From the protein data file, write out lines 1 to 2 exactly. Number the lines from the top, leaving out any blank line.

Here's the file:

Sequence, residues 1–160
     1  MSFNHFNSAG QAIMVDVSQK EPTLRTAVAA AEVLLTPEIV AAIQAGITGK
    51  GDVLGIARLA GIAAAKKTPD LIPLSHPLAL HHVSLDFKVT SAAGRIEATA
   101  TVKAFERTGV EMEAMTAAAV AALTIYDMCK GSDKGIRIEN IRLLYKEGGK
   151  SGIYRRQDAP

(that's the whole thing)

Sequence, residues 1–160
     1  MSFNHFNSAG QAIMVDVSQK EPTLRTAVAA AEVLLTPEIV AAIQAGITGK